9/15 Barney extends streak

Cubs second baseman Darwin Barney is very much aware of his error-less streak but it isn’t stopping him from going after balls. On Saturday, Barney made two impressive defensive plays and extended his National League single-season record errorless streak to 130 straight games. The old overall NL mark was 123 consecutive error-less games, set by Barney’s former Minor League manager and Hall of Famer Ryne Sandberg, from June 21, 1989, to May 17, 1990. The Major League record single-season errorless streak by a second baseman is 141 games, held by Placido Polanco and set in 2007 with the Tigers. Barney’s streak at second base spans 1,048 1/3 innings since his only 2012 miscue at second base, April 17 in Miami. He remembers that play, which came in the eighth inning.

“It was a routine ground ball that bounced a few times and I just over-thought [Jose] Reyes’ speed and I charged it a little bit and I walked right into an inbetween hop that I couldn’t handle,” Barney said. “If I sit back on it, and catch it at my waist, I throw him out. Guys who have speed do that to you. You know when [Tony] Campana is out there, there is no routine play.”

On Saturday, Barney robbed Pedro Alvarez of a possible base hit in the Pirates’ fifth when he snared the ball, then spun around to throw him out at first. In the sixth, Barney somehow caught Travis Snider’s pop up in shallow right with a runner on and one out, and hurdled sliding right fielder Dave Sappelt to avoid a collision.

“I was worried that he was going to run me over,” Barney said of Sappelt. “You’re all ears and waiting to hear if he says anything, and I didn’t, so I committed to it.”

Dale Sveum’s playing career nearly ended in a freak collision in 1988 with Brewers outfielder Darryl Hamilton. Sveum was going back after a ball on the play. He’s told Barney the story.

“It doesn’t make me feel any better hearing that,” Barney said. “You have to trust your outfielder, and trust that if he’s not going to slide, he’s going to say something.”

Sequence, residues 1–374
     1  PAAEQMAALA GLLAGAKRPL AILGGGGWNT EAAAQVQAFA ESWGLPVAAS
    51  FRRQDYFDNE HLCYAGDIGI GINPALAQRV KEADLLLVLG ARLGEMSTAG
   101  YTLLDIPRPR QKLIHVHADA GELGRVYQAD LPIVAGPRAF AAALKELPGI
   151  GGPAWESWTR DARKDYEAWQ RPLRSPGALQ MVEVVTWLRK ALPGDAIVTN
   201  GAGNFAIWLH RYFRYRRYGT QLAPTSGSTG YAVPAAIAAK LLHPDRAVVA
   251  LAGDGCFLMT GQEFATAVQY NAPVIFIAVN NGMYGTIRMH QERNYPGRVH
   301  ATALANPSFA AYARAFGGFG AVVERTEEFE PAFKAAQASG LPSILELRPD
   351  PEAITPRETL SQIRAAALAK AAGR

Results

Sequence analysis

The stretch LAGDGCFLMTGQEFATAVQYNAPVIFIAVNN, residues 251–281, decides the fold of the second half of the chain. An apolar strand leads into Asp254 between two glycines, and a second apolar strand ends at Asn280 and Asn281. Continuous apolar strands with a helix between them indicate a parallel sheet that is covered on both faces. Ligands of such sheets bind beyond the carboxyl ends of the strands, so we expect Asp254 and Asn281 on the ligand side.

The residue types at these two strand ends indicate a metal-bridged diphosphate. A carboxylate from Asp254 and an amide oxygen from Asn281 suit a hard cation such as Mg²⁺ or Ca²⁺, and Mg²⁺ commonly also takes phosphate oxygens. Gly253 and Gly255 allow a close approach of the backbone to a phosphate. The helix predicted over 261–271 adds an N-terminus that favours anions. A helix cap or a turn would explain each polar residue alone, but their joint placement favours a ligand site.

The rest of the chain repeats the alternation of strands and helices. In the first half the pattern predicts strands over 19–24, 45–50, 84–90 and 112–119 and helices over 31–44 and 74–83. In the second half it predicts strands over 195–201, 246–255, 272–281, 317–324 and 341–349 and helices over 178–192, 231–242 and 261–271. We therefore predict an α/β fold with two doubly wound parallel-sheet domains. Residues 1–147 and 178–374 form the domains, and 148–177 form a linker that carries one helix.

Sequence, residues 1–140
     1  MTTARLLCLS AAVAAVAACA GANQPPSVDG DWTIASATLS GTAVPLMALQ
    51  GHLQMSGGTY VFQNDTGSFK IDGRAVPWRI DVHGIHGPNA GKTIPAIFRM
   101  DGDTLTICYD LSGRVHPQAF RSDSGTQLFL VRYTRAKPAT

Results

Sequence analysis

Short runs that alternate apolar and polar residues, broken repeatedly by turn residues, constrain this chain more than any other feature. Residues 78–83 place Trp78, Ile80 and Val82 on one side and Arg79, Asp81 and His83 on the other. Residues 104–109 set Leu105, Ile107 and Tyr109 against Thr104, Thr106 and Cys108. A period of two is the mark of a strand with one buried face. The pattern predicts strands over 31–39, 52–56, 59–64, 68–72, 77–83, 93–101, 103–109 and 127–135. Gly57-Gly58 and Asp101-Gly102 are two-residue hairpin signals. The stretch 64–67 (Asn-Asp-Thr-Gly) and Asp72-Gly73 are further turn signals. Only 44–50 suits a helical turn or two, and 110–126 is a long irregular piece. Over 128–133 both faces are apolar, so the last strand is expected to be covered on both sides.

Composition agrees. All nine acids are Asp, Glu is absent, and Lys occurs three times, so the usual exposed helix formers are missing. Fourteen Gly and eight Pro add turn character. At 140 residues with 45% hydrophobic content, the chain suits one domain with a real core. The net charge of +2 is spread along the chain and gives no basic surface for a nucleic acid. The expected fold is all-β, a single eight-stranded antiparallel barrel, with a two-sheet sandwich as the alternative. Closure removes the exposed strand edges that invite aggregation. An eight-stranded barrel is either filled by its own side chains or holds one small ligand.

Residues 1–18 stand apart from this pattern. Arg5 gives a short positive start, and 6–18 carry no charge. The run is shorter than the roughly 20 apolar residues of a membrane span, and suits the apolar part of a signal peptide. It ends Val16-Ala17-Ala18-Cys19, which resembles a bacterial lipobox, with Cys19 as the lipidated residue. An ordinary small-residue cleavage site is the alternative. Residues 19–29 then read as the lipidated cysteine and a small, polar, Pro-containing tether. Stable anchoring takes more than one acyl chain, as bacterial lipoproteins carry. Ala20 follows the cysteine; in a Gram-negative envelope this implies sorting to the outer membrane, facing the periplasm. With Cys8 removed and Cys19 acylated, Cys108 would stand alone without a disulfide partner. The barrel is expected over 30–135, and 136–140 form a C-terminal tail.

Sappelt did exactly what he was supposed to do.

“He thought he had an opportunity to make that catch,” Barney said. “He followed protocol perfectly. If the guy doesn’t say anything, he’s going to go low. Infielders are always taught to go high when they’re going backwards. Luckily for the both of us, he did it the right way, and so did I.”

Barney leads the National League in fielding percentage, and could win his first Gold Glove this year. He’s got plenty of highlights for voters to watch.

“That was as good a defensive game as anybody could play,” Sveum said of Saturday’s game by his second baseman. “That kind of play there [in the sixth], there aren’t a lot of people who throw their life on the line for a ball like that. He said, ‘I’m catching that ball and I don’t care what the collision will be.’

“All year long, he hasn’t been afraid to do anything defensively,” Sveum said. “He’s been fearless all year long.”

– Carrie Muskat

17 Comments

Yea he was…but I like how he adjusted to second.(:

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I have said it before. I believe Barney affects the game as much defensively as most players want to affect it offensively.

You are absolutley correct! AND he brings more than enough if not plenty to the plate for any legitamate, team with proper RBI men in proper spots, which the Cubs lack big time. If it wasn’t for Soriano’s “talent” for producing meaningless offense for losing teams the Cubs would have ZERO run production from their outfield and we got ZIP from third base. Barney’s plate prowess is nothing to criticize. Right on Mat B!

barney is nice to have at 2B…as long as his defense is great he is valuable. The problem is he brings little at the plate.